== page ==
A Safer Halloween
Parents, Halloween is on its way. That means costumes, costume parties, corn mazes, pumpkin carving, haunted houses, and a whole lot more will become part of your to-do list. You probably fondly remember all the fun Halloween activities you enjoyed as a kid, and want your kids to experience those same feelings. With all of the fun and festivities, however, Halloween can be a spooky day filled with dangerous drivers, potentially hazardous treats and potential harmful situations for kids.
The last thing you want to see on Halloween is your child, or any child, fall victim to an occurrence that can easily be averted. A bit of research can truly be the difference between spending the end of this festive night happily with your kids or in unplanned turmoil.
Halloween falls during the waning period of October, which ranks as the second most dangerous month for fatal car accidents. Halloween contributes to that number in many ways, but the biggest reasons are the potential for DWI incidents and noticeably high traffic in neighborhoods.
To make sure your child is easily seen and safe, always consider traffic when deciding on your child’s costume. Here are a few things to consider when planning what your child will wear:
- Opt for face paint rather than masks, which tend to obscure vision and make breathing difficult.
- Use reflective tape on bags and have your child carry glow sticks or a flashlight.
- Make sure they wear a well-fitting costume that doesn’t drag behind.
- Make sure they wear sturdy shoes that will be comfortable for walking.
Potentially dangerous candy given to kids is the stuff of genuine nightmare for all parents. No one wants to believe candy givers bear ill will, but it’s not always malice that can lead to bad treats. Food allergies, choking hazards and bacteria are some things that you or treaters might not account for on this night. In order to ward off any potential issues, try the following:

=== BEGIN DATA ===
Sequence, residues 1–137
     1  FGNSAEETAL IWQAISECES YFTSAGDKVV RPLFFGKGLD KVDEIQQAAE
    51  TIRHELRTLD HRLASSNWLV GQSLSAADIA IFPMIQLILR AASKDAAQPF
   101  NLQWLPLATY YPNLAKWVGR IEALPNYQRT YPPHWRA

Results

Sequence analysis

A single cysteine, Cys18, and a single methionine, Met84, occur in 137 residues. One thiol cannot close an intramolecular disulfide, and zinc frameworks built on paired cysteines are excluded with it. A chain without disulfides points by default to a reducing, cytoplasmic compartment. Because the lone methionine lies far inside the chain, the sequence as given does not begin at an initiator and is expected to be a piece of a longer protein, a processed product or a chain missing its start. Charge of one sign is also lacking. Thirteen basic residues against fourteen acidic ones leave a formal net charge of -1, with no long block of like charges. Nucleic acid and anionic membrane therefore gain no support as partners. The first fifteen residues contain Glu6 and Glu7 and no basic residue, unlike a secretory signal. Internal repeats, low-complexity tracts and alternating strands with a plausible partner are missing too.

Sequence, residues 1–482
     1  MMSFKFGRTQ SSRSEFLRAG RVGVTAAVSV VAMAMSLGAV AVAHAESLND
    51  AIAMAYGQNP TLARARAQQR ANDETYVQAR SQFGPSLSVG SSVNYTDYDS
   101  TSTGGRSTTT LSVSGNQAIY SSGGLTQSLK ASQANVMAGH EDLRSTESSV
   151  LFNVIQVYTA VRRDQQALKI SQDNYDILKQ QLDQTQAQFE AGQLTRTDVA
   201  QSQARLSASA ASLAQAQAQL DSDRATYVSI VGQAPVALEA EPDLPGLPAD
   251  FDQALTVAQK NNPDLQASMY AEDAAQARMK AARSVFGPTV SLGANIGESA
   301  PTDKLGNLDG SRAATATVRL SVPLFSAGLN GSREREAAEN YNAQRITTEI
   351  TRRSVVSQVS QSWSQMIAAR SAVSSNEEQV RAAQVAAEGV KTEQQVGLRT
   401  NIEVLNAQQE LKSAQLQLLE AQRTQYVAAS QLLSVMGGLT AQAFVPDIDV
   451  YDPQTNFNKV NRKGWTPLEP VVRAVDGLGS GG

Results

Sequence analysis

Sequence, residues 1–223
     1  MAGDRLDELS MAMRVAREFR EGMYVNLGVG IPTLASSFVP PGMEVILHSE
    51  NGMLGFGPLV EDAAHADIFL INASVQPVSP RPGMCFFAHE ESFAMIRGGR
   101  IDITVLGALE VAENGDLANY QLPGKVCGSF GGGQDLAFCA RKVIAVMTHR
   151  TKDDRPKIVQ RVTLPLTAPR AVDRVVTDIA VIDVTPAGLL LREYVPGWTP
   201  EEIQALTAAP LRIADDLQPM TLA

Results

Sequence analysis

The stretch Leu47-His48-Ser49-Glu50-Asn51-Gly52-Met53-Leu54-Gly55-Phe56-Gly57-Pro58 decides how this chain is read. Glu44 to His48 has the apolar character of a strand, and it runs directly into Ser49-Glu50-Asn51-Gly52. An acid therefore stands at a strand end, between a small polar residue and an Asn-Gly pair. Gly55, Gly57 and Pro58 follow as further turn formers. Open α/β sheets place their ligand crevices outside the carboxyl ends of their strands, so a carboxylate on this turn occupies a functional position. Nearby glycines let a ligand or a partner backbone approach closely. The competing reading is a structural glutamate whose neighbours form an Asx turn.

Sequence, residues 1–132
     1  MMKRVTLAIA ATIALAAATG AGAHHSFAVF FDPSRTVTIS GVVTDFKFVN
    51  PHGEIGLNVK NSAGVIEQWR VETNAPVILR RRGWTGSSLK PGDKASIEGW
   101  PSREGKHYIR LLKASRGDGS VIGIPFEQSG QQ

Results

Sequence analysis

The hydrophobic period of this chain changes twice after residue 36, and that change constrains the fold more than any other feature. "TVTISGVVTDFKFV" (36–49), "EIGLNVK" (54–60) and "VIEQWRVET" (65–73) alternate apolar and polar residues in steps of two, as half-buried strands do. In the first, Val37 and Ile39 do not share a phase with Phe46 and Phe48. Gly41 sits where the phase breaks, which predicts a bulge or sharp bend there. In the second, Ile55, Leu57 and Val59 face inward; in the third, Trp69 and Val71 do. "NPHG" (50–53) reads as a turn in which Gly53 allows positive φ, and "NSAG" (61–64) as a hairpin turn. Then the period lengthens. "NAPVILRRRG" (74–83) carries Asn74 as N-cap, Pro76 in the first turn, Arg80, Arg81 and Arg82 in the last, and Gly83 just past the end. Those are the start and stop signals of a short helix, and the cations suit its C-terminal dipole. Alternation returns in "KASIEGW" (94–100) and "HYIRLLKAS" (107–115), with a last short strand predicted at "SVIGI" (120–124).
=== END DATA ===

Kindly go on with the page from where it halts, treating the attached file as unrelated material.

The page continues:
- Share a family meal before going out so your child doesn’t eat along the way.
- Conduct a full check of candy when you get home.
- Beware of any treats that aren’t commercially wrapped or look like they’ve been tampered with.
Not only should you prepare for your child’s safety, you should also keep in mind the many kids who will likely approach your door. Always consider that most trick-or-treaters are out in the dark and aren’t familiar with your yard or walkways.
Regardless of the them on your porch or doorway, it’s important to make sure it’s properly lighted (even if the lighting is eerie). Children need to be able to see steps, garden beds, chairs, and the like. Account for these ideas when getting ready for trick-or-treaters:
- Make sure the footing is secure and stairs are visible.
- Any railings should be reliable and unmoving for stairs or pathways.
- Try parking household vehicles in the driveway or garage.
Halloween and pumpkin carving always go hand in hand. Pumpkin carving is both a creative way to spend time with others and a way to add home artful pieces to your home for this holiday. Still, when it comes to kids, the use of knives and other sharp tools aren’t always the best option.
Even without the use of knives and scraping tools, pumpkin decorating can be just as creative and artful. And what is a pumpkin but just an empty canvas for an inventive mind? Paint, glitter, lace, and even junk can all be used to turn an ordinary gourd into a centerpiece for your family and visitors to admire.
Keep Halloween fun and safe by paying close attention to your kid’s costume, checking their candy, making sure your doorstep and yard is well-lit, and that you keep sharp objects away from the littlest ones when pumpkin carving. All of these extra steps add up to peace of mind for you, and an especially festive night for your child.